Observations on the LTTE from a Kurdish Comrade
I would like to offer my deep condolences to the people of Tamil Eelam for their immense losses in recent months.
As a Kurd, I have followed the liberation struggle of Tamils in Sri Lanka-along with my own people’s fight for an independent state-since mid-1980s, when I first saw the pictures of uniformed female cadres of the LTTE in Jaffna and fell in love with them. The LTTE, in my view, is the gold-standard for all national liberation struggles despite its defeat. And what a glorious defeat it was! My people suffered many defeats too; in 1925, 1938, 1946, 1975, 1988, 1991 and 1999. None could match the glory of LTTE’s fight to the death. This was a struggle against overwhelming odds that ended in martyrdom for your leaders, but their memories and their struggle will live in songs and stories of all Tamil people for a thousand years to come.
That the LTTE managed to keep its leader and senior cadres alive right down to the last day and the last fire-fight before they too succumbed to the vastly superior man and fire power of the SLA is a testament to the intelligence, strength, discipline and dedication of the organisation. V. Prabhakaran and his senior commanders could have ordered the rank and file LTTE personnel to lay down their arms, before fleeing the island for a third country. The fact that they -as well as their families-did not flee the conflict zone nor surrendered, but chose to fight to the death like tens of thousands of other LTTE cadres that preceded them is a lesson to all leaders who ask others to sacrifice their lives for a cause. I doubt many insurgent leaders, Kurds included, would show as much courage and offer as much personal sacrifice in similar circumstances.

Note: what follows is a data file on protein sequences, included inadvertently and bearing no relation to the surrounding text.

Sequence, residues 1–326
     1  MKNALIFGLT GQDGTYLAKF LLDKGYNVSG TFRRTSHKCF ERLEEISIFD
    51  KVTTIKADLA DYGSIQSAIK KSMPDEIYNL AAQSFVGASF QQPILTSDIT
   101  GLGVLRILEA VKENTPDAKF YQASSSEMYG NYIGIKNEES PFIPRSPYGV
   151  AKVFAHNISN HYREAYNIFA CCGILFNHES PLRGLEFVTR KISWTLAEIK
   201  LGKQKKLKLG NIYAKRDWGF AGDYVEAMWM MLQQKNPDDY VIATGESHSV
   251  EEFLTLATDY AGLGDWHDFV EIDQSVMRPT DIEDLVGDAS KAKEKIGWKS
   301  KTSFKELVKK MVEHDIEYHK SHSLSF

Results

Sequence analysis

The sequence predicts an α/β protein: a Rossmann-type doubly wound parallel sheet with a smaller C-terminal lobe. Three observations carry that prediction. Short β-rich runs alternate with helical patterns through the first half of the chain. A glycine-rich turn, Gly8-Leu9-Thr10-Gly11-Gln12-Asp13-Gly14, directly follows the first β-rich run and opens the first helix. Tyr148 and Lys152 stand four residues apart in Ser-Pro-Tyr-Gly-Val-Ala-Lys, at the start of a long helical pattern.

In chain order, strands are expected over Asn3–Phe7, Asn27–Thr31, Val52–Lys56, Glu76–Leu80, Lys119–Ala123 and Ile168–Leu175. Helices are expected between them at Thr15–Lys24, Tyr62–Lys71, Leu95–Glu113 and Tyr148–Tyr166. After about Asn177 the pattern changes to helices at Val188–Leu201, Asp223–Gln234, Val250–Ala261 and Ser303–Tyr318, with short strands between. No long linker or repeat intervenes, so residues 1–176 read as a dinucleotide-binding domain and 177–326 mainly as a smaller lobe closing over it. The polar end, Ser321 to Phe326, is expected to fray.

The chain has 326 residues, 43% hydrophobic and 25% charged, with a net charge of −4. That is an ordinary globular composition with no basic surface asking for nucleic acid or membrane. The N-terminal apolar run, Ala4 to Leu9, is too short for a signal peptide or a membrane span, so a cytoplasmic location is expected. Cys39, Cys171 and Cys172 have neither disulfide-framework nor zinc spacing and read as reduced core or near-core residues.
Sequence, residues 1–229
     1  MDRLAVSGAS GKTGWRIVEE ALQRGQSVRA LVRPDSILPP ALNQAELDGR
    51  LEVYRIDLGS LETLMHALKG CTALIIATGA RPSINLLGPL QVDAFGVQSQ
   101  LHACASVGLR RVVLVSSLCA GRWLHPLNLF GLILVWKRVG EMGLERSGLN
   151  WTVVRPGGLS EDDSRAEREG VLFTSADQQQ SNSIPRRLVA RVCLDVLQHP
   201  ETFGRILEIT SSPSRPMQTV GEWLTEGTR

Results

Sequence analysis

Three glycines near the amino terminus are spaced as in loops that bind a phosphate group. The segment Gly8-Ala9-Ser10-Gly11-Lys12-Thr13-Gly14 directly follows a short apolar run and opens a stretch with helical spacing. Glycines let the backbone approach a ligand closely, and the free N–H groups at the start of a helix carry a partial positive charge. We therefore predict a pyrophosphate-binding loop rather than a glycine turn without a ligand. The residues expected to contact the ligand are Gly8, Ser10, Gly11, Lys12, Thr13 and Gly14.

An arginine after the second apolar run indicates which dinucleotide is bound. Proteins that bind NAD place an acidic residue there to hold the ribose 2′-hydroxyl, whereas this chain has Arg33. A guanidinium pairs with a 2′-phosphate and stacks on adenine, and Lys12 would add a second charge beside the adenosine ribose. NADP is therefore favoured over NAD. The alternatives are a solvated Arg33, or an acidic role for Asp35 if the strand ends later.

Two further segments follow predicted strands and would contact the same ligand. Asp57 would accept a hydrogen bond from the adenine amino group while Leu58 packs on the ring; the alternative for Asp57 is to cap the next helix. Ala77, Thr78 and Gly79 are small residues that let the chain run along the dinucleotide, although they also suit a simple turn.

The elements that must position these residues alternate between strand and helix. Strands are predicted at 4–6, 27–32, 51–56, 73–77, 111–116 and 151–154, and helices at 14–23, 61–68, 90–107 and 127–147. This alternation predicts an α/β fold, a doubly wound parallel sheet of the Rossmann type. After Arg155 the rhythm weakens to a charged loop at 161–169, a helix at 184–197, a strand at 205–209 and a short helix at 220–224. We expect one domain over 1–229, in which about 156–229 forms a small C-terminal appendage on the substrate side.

Compared to armed Kurdish movements, the LTTE had many strengths and weaknesses. Its strengths were too numerous to count. Its weaknesses and mistakes were few but deadly in the long run. In my view, there are two generalised, structural weaknesses of the LTTE, followed by a few specific mistakes they made.
Firstly, the LTTE was extremely inflexible in its political expectations. In the absence of international support for an independent homeland, an autonomy agreement for a federal Tamil state in Sri Lanka was the most realistic outcome for the LTTE. It was the responsibility of a new generation of Tamils to take the struggle to its next stage, if Sri Lankan state continued to be ill-disposed towards Tamil people. By then, of course, the federal Tamil state would have gained some international recognition for the status quo and thus would have been far less isolated as a ‘terrorist’ outfit. That V. Prabakharan instructed his bodyguards to shoot him if he deviated from the demand for independence is a clear sign of the inflexibility of the LTTE leadership.
Secondly, the LTTE put unnecessary emphasis on revenge and retaliation. As Clausewitz famously said, “war is politics by other means”. In politics,-as in war-revenge and retaliation is always secondary to the main objective. Every political act must be judged by its consequences; that is, whether it helps bring the main objective closer to reality, not whether it satisfies primitive urges for some injustice done in the past. The assassination of Rajiv Gandhi and many attacks on Sinhala leadership, some of whom were useful and could have been of further use to Tamil struggle in time, are cases in point.